Vancouver Museum, you have a responsibility of professional stewardship. Are you living up to it?
Note the eroded engravings and extensive moss/algae cover. Source: VM website screenshot.
The boulder in the early 1930s, soon after it was brought to Stanley Park. Note the crispness of the designs and the lack of moss.
Posted in Archaeology, Cultural Resource Management, First Nations, Lower Mainland, Northwest Interior
Tagged CRM, Cultural Resource Management, Fraser River, Lillooet, museums, petroglyphs, pictographs, rock art, St'at'imc First Nations, Vancouver Museum
Petroglyph Boulder in Stanley Park. Source: Vancouver Public Library
I was intrigued by this 1930s photo of noted Vancouver photographer Philip Timms perched beside a large petroglyph in Stanley Park, not least because it is obviously not from the coast. The caption indicates as much: “rock was brought to Stanley Park from the Cariboo; at the former totem pole site at Lumberman’s Arch.”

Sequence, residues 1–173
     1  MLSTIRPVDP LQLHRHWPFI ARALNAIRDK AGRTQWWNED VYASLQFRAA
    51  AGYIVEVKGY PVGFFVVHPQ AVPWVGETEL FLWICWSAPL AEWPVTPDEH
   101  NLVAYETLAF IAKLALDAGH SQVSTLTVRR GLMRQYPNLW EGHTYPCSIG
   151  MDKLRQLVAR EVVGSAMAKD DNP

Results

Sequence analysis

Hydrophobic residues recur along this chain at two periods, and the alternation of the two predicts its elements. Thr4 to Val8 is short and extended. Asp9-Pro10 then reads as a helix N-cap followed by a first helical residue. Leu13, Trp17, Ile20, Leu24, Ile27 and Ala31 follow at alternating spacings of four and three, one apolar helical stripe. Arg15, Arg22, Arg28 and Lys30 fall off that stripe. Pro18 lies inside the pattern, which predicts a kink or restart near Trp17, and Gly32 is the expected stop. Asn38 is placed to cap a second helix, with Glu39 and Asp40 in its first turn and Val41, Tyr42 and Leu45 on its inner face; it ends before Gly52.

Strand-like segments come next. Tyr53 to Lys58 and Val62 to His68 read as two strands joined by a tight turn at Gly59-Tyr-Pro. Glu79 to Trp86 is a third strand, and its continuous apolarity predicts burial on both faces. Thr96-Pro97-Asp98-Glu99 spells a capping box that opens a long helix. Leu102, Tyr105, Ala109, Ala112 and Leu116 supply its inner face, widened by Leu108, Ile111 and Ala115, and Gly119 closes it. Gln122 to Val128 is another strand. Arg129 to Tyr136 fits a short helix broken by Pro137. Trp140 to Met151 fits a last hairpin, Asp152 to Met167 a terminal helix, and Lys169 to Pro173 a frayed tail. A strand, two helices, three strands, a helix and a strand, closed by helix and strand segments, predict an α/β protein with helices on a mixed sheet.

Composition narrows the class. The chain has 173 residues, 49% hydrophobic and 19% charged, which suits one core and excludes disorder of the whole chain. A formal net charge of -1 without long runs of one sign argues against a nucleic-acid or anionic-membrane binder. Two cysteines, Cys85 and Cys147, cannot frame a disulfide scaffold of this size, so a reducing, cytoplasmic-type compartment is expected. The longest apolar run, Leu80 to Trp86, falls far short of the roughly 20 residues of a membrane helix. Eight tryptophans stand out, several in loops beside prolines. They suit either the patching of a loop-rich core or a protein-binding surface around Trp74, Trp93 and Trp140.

A little digging around suggests this boulder was discovered in 1923 in the Lone Cabin Creek area of the middle Fraser River, just south of the Gang Ranch. It was moved to Stanley Park in 1926. As of 2002 at least, it was still there. If anyone knows for sure where it is, let me know. The complete absence from flickr, for example, suggests to me that the information below sayng it is stashed out of site at the Vancouver Museum may be accurate. This site has a number of undated pictures of it (not the apparent deterioration from the picture above – it probably doesn’t do well in the rain) and some history and interpretation which I can’t vouch for: